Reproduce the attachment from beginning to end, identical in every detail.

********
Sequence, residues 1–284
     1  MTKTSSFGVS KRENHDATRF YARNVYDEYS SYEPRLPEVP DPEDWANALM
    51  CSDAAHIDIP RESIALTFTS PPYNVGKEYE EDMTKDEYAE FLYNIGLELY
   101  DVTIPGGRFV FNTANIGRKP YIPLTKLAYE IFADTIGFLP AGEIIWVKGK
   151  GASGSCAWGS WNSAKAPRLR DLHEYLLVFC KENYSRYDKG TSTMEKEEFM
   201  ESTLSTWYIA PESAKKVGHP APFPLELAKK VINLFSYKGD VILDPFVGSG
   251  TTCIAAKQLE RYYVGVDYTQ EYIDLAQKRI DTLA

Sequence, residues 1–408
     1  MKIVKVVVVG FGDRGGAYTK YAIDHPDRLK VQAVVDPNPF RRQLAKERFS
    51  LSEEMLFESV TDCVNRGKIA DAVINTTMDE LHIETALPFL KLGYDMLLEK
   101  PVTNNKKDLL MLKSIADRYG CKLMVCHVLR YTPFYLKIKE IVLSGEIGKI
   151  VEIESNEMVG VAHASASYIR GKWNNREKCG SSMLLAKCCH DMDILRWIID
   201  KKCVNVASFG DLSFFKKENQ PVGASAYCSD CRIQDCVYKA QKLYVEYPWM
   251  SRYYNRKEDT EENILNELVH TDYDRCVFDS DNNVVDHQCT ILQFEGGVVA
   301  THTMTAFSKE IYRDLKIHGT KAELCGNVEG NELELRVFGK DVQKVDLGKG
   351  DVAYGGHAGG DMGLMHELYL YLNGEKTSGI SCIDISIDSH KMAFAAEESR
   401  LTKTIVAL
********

Sequence, residues 1–284
     1  MTKTSSFGVS KRENHDATRF YARNVYDEYS SYEPRLPEVP DPEDWANALM
    51  CSDAAHIDIP RESIALTFTS PPYNVGKEYE EDMTKDEYAE FLYNIGLELY
   101  DVTIPGGRFV FNTANIGRKP YIPLTKLAYE IFADTIGFLP AGEIIWVKGK
   151  GASGSCAWGS WNSAKAPRLR DLHEYLLVFC KENYSRYDKG TSTMEKEEFM
   201  ESTLSTWYIA PESAKKVGHP APFPLELAKK VINLFSYKGD VILDPFVGSG
   251  TTCIAAKQLE RYYVGVDYTQ EYIDLAQKRI DTLA

Sequence, residues 1–408
     1  MKIVKVVVVG FGDRGGAYTK YAIDHPDRLK VQAVVDPNPF RRQLAKERFS
    51  LSEEMLFESV TDCVNRGKIA DAVINTTMDE LHIETALPFL KLGYDMLLEK
   101  PVTNNKKDLL MLKSIADRYG CKLMVCHVLR YTPFYLKIKE IVLSGEIGKI
   151  VEIESNEMVG VAHASASYIR GKWNNREKCG SSMLLAKCCH DMDILRWIID
   201  KKCVNVASFG DLSFFKKENQ PVGASAYCSD CRIQDCVYKA QKLYVEYPWM
   251  SRYYNRKEDT EENILNELVH TDYDRCVFDS DNNVVDHQCT ILQFEGGVVA
   301  THTMTAFSKE IYRDLKIHGT KAELCGNVEG NELELRVFGK DVQKVDLGKG
   351  DVAYGGHAGG DMGLMHELYL YLNGEKTSGI SCIDISIDSH KMAFAAEESR
   401  LTKTIVAL